The management server 600 and agent programs 1000 implement the cluster reconfiguration technology in the server-cluster system 1100. To put it concretely, the agent program 1000 is executed in each of the servers composing the server-cluster system 1100. While communicating with each other, the management server 600 and the agent programs 1000 manage the configuration of the server-cluster system 1100. The agent programs 1000 measure loads of the servers composing the server-cluster system 1100 and report a result of the measurement to the management server 600 periodically. The management server 600 analyzes load information based on collected reports received from the agent programs 1000 and makes decisions to add a new server 900 to the server-cluster system 1100 and detach an already existing server 800 from the server-cluster system 1100.

It is to be noted that, instead of employing the management server 600, the function of the management server 600 can also be incorporated in the server-cluster system 1100 or each of the clients 100.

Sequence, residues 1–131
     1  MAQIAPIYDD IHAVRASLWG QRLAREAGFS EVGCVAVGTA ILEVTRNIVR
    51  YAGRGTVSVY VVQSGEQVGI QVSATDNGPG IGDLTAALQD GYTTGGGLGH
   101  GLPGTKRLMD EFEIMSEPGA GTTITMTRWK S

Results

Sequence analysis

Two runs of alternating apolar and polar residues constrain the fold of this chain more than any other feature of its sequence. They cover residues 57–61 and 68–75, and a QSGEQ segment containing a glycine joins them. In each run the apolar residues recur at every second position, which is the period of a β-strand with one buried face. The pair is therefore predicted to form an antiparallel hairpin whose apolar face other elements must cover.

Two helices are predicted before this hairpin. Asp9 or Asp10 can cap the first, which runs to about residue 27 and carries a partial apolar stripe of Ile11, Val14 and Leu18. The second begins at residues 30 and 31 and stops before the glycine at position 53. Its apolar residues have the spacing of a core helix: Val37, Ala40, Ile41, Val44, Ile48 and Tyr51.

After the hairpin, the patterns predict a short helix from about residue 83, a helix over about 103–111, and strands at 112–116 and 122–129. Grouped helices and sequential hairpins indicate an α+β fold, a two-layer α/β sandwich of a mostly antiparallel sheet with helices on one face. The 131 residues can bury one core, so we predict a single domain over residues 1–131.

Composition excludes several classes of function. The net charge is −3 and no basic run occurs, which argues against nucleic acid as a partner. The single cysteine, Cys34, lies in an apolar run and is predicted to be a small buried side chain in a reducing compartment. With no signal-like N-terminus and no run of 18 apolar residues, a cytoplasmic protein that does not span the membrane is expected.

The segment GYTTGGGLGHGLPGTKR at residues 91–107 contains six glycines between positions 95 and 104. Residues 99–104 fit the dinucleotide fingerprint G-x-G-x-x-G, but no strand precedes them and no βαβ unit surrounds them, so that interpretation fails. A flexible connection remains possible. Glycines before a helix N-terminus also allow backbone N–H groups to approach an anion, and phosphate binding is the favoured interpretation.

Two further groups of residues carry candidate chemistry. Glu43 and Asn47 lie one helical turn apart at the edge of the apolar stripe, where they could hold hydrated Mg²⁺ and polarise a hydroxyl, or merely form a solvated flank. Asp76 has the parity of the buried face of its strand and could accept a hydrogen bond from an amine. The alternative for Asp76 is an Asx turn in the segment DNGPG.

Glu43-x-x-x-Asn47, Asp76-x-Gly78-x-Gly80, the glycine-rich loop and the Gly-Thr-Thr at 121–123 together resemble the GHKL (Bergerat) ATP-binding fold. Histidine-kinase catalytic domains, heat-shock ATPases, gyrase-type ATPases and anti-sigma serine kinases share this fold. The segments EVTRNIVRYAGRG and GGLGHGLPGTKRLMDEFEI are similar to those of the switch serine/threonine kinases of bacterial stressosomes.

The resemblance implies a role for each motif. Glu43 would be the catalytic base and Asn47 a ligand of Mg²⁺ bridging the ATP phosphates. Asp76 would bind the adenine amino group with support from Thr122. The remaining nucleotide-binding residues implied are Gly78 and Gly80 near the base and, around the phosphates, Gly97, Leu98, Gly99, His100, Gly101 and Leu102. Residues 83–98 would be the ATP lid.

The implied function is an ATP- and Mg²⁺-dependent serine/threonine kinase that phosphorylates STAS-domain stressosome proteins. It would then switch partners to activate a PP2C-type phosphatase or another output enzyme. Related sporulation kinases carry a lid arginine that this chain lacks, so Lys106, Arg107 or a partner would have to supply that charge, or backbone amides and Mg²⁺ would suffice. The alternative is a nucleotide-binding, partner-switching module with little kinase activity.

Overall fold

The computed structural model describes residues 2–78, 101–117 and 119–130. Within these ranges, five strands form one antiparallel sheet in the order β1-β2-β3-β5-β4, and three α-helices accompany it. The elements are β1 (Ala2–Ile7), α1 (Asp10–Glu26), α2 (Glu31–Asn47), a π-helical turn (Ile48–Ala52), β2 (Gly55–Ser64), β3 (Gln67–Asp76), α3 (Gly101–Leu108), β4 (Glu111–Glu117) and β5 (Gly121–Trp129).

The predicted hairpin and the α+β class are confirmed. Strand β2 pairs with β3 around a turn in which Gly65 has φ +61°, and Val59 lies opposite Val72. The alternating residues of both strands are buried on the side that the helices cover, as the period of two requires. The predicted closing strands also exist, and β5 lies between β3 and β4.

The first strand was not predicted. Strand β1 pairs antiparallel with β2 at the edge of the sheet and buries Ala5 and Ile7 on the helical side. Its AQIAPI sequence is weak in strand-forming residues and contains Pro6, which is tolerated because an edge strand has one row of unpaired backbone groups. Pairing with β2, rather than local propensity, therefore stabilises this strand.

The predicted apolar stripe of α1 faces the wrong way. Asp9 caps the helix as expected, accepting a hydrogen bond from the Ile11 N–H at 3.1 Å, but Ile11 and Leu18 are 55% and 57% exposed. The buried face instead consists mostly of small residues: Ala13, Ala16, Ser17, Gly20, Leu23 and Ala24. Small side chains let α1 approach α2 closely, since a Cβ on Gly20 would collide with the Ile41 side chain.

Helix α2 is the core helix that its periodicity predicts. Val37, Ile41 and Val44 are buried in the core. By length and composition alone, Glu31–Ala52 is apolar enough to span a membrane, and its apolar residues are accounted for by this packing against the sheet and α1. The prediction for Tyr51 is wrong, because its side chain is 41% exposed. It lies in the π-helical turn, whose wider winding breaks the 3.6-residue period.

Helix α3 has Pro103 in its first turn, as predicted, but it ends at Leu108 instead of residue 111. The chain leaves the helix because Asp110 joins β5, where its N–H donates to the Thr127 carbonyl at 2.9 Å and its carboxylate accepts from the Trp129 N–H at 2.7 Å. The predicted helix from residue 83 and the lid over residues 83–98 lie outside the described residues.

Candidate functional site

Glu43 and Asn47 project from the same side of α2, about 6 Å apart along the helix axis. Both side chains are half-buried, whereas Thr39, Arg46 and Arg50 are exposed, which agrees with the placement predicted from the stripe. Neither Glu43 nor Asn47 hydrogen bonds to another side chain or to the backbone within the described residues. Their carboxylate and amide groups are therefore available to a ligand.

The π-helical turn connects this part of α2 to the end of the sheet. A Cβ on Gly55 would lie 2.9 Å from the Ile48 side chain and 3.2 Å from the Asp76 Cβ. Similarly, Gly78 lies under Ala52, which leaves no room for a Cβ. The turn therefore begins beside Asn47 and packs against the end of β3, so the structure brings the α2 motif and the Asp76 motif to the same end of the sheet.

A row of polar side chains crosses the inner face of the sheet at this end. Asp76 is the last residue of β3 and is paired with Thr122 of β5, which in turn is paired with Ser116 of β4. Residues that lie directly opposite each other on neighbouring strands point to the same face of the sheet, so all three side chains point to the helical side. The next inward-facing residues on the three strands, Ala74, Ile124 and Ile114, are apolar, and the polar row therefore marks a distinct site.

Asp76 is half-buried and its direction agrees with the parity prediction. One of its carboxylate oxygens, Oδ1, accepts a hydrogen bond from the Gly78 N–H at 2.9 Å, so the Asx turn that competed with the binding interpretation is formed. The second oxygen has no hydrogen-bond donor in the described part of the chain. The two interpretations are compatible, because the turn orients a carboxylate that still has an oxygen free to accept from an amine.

In the first embodiment provided by the present invention, the number of requests transmissible out to a server 900 newly added to the server-cluster system 1100 is suppressed to a value small in comparison with the number of requests transmissible out to each of the already existing servers 800 right after the addition of the newly added server 900 to the server-cluster system 1100. Thereafter, the number of requests transmissible out to the newly added server 900 is increased step by step. This is because, right after the addition of the newly added server 900 to the server-cluster system 1100, no sufficiently large number of data has been stored in a cache memory employed in the newly added server 900 so that the processing power of the newly added server 900 is low in comparison with the already existing servers 800. Thus, if about as many requests as those transmitted out to each of the already existing servers 800 are transmitted out to the newly added server 900, it is quite within the bounds of possibility that a long queue of requests each waiting for a processing turn unavoidably results in the newly added server 900. For this reason, right after the addition of the newly added server 900 to the server-cluster system 1100, control is executed to suppress the number of requests transmissible out from each client 100 to the newly added server 900 to a value small in comparison with the number of requests transmissible out to each of the already existing servers 800. Thereafter, as time goes by, a sufficiently large number of web contents is stored in the cache memory employed in the newly added server 900 so that the newly added server 900 is capable of carrying processing at the same power as each of the already existing servers 800.